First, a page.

Are the Red Sox showcasing Mike Lowell or giving him a job?

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Thumbnail image for Mike Lowell headshot.jpgMike Lowell was 2 for 4 with a solo homer, a walk and an RBI single in place of the slumping David Ortiz last night.  And he’s going to get the start again tonight.

Yesterday I mentioned the Red Sox killing three birds with one stone.  Lowell’s hot bat and presence in the lineup against the Rangers is definitely a two-stone job: it gives the team some DH production which was previously absent and it shows the Rangers that the guy they once wanted is healthy and hitting.

I’m not sure that Max Ramirez is still any kind of answer for the Red Sox — that proposed trade was a long time ago and the needs of each team is now different — but you have to wonder if the Rangers (or someone else for that matter) aren’t taking a second look at Mike Lowell.  Texas’ catching situation is a mess, but from chaos often springs opportunity.

That is, if the Red Sox feel that they can afford to give him up. Because if he keeps hitting, he may just take the DH job away from Big Papi.

Pitch clock cut minor league games by 25 minutes to 2:38

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NEW YORK — Use of pitch clocks cut the average time of minor league games by 25 minutes this year, a reduction Major League Baseball hopes is replicated when the devices are installed in the big leagues next season.

The average time of minor league games dropped to 2 hours, 38 minutes in the season that ended Wednesday, according to the commissioner’s office. That was down from 3:03 during the 2021 season.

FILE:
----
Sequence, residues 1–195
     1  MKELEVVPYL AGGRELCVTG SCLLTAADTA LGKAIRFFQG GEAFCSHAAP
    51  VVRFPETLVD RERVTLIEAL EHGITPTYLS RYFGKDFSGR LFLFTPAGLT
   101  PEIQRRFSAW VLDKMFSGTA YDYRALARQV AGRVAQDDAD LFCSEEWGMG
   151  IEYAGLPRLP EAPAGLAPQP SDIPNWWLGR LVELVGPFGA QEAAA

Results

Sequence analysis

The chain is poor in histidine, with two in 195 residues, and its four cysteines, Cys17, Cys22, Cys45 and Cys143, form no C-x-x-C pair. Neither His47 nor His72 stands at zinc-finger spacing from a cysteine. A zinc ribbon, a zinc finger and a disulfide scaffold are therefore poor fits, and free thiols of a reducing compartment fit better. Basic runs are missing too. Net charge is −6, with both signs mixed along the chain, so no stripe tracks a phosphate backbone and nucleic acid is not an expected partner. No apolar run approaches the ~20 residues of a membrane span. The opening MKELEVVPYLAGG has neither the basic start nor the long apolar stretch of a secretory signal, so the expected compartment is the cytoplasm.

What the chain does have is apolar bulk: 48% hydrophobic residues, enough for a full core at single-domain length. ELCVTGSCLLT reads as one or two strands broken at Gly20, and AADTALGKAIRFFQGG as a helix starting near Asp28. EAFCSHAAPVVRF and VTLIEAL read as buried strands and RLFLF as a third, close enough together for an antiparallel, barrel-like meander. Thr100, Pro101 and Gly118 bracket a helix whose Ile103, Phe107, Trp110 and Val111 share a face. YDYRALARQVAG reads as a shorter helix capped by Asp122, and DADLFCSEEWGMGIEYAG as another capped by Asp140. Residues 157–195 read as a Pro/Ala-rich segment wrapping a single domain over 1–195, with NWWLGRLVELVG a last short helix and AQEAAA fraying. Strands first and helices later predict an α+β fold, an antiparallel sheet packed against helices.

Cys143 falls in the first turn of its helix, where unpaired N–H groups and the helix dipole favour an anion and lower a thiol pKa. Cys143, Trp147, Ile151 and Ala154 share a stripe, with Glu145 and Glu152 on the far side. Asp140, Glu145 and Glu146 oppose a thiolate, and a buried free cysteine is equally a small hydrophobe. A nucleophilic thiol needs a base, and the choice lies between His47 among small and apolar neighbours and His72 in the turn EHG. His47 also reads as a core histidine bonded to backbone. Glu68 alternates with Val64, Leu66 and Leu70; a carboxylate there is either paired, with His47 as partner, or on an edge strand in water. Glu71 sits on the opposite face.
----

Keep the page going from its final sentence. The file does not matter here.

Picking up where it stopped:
Clocks at Triple-A were set at 14 seconds with no runners on base and 19 with runners. At lower levels, the clocks were at 18 seconds with runners.

Big league nine-inning games are averaging 3:04 this season.

MLB announced on Sept. 9 that clocks will be introduced in the major leagues next year at 15 seconds with no runners and 20 seconds with runners, a decision opposed by the players’ association.

Pitchers are penalized a ball for violating the clock. In the minors, violations decreased from an average of 1.73 per game in the second week to 0.41 in week 24.

There will be a limit of two pickoff attempts or stepoffs per plate appearance, a rule that also was part of the minor league experiment this season. A third pickoff throw that is not successful would result in a balk.

Stolen bases increased to an average of 2.81 per game from 2.23 in the minors this year and the success rate rose to 78% from 68%.

Many offensive measurements were relatively stable: runs per team per game increased to 5.13 from 5.11 and batting average to .249 from .247.

Plate appearances resulting in home runs dropped to 2.7% from 2.8%, strikeouts declined to 24.4% from 25.4% and walks rose to 10.5% from 10.2%. Hit batters remained at 1.6%.